2025 Volvo EX30 Hands-On Preview

Mike Schlee
by Mike Schlee

Making a Big Deal About a Little SUV

The upcoming EX30 marks Volvo's fourth all electric vehicle and the brand's smallest. It's claimed to have the lowest overall CO2 footprint of any Volvo produced to date. More importantly though, despite being all electric, this is will be the lowest priced Volvo on sale in America. Before it arrives at dealer's lots, we got the chance to spend some time with a prototype unit.

Yup, It's a Volvo

The car is instantly recognizable as a Volvo, wearing the usual design cues of the manufacturer. Up front there’s no grille and a pair of digitized Thor’s Hammer headlights.

Volvo claims the long wheelbase, 20-inch two-tone aero wheels and equal overhangs bring a balance and refinement to the exterior. We like the black roofline and the familiar looking rear tail lights that are similar in design to those on the EX90.

When it does go on sale later this year, it will be available in a choice of five exterior colors including cloud blue seen in photos here.

Quickest Volvo Ever

Like many of Volvo’s EV offerings, the EX30 with come with a choice two powertrain options. The first is a single motor with 268 hp that will power the rear wheels. It’s expected to travel 275 miles, or roughly 443 km on a single charge.

For more performance and better traction, there will be a dual motor version with all-wheel drive. Combined, it’ll deliver 422 hp and be capable of going from 0-60 mph in 3.4 seconds. That’s not just properly quick, but the fastest 0-60 time of any production Volvo ever made.

Range for the all-wheel drive model should be around 265 miles, or an estimated 425 km. Both powertrains come with a 64 kw battery pack. Volvo states it can charge at speeds up to 153 kWh, allowing the battery to go from 10 to 80 percent capacity in 26.5 minutes.

Although we won’t be able to drive the new EX30 for some time yet, the manufacture claims to have tuned the chassis for ease of driving and nimbleness in the city and beyond. This leads us to believe it won’t necessarily be a sporty drive, but should be a good mix of comfort, luxury, and handling.

Funky Interior

Inside, buyers can choose from four distinct designs, each with their own look. The vehicle we got to sample has the Breeze interior. We're big fans of the retro vibes from the spotted dash and door trims.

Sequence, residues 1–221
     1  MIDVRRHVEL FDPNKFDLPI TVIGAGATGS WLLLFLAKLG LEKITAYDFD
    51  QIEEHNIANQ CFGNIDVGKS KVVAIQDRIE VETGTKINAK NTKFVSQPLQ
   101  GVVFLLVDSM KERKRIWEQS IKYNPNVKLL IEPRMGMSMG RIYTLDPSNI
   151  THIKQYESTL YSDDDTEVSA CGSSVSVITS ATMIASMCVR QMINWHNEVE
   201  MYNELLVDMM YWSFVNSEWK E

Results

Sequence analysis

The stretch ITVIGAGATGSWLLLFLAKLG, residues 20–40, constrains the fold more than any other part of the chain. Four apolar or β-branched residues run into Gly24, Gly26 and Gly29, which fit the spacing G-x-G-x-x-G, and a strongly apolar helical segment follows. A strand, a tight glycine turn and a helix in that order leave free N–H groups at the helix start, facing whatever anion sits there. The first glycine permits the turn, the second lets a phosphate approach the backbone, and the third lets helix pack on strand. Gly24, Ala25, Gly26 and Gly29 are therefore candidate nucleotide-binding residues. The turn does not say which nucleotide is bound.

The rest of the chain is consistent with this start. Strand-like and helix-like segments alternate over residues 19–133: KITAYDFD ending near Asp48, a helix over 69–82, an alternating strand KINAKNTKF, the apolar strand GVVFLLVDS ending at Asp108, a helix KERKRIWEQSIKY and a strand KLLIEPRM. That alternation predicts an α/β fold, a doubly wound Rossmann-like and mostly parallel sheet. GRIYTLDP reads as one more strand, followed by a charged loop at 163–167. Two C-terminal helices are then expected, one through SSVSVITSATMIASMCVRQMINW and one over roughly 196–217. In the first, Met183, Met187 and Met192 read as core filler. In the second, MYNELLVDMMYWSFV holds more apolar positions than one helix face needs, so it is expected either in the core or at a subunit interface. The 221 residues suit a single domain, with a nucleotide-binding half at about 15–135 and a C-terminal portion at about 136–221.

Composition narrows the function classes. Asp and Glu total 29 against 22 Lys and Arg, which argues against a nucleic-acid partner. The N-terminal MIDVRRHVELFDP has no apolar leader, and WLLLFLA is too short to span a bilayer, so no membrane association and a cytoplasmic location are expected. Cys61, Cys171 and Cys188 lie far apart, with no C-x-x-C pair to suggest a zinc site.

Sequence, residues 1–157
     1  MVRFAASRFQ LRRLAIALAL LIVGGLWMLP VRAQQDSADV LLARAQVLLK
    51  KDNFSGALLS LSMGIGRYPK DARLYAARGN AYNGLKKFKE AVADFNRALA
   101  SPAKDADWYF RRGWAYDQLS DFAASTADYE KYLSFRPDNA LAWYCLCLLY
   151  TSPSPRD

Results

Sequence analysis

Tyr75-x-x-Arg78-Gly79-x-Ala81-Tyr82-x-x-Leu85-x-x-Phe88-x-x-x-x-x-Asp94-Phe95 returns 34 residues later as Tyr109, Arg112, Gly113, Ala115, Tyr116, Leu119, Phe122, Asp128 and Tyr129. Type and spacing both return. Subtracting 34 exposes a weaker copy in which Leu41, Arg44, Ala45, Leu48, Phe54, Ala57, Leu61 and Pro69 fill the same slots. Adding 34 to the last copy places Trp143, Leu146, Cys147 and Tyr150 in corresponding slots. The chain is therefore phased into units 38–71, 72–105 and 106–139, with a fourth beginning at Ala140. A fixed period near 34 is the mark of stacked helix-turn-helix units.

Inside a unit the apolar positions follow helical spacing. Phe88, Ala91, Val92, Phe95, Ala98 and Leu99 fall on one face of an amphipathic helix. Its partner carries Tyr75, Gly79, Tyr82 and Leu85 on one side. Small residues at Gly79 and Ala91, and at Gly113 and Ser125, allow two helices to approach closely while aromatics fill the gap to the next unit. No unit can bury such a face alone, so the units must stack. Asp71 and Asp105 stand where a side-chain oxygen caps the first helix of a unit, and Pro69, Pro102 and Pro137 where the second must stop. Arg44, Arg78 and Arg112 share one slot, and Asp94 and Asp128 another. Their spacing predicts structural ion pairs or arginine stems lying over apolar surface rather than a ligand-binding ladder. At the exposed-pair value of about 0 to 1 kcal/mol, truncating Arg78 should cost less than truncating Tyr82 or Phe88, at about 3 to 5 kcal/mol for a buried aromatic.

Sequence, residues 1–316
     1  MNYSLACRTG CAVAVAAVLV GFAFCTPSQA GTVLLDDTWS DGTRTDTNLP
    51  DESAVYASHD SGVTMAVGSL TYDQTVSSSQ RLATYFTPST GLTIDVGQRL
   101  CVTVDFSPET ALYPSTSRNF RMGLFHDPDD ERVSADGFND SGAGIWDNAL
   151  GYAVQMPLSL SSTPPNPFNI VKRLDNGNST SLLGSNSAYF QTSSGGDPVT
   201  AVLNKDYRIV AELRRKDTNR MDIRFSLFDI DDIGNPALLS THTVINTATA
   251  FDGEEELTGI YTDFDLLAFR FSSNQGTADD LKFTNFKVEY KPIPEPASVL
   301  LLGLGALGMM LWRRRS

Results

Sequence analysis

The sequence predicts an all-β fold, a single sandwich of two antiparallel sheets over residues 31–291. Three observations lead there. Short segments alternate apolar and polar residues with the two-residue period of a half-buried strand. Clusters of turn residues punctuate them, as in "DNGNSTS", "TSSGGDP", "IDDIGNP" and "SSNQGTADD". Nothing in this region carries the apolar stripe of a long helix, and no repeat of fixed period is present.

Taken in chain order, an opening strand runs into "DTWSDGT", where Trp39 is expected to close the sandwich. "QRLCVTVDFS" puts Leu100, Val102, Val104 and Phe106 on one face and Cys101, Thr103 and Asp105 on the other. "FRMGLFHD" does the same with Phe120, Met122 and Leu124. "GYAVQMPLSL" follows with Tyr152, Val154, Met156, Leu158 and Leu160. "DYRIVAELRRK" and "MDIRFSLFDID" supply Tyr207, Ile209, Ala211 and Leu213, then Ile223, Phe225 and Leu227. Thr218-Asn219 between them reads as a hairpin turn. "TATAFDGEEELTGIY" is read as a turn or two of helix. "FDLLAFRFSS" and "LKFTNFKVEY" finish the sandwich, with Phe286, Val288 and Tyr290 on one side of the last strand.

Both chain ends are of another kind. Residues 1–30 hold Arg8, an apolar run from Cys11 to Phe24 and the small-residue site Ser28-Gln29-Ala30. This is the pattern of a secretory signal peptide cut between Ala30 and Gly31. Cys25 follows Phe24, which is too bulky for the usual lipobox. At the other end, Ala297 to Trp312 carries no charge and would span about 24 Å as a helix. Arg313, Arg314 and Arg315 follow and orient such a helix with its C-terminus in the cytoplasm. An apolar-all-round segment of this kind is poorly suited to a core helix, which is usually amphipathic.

Central to the EX30 is a single-screen UX, with built-in Google, and running the latest version the brand’s infotainment software. Like a lot of modern EVs, the EX30 also comes with optional digital key functionality, which allows drivers to operate it with a copy of the key loaded on their smartphone.

Optional ambient lighting is available in five different themes. Each is said to be inspired by a different Scandinavian landscape, with slowly transitioning colors.

Deceivingly Roomy

The EX30 features a full glass roof and a ton of headroom both front and rear. In fact, we're quite impressed with the overall passenger space inside for such a small vehicle. A lot of this has to do with clever packaging, like the sound bar that's located up against the dashboard.

Of course we can’t cover a Volvo without mentioning safety. Included in the EX30 is a safety feature for bikes that helps to prevent so-called ‘dooring’ accidents. It alerts drivers opening their doors if a cyclist, scooter, or runner is quickly approaching. The vehicle also has a new generation of the Park Pilot Assist feature. It can now handle parallel, curved, perpendicular and diagonal fishbone-style, parking.

Affordable Premium EV

Pricing in America for this luxury EV starts at less than $35,000 before destination charges. Pricing in Canada should start from $53,700. That puts the EX30 directly in-line with a lot of gasoline-powered competition.

Pre-orders for the EX-30 have begun in the US, will full order books opening in Canada this fall.

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Mike Schlee
Mike Schlee

A 20+ year industry veteran, Mike rejoins the AutoGuide team as the Managing Editor. He started his career at a young age working at dealerships, car rentals, and used car advertisers. He then found his true passion, automotive writing. After contributing to multiple websites for several years, he spent the next six years working at the head office of an automotive OEM, before returning back to the field he loves. He is a member of the Automobile Journalists Association of Canada (AJAC), and Midwest Automotive Media Association (MAMA). He's the recipient of a feature writing of the year award and multiple video of the year awards.

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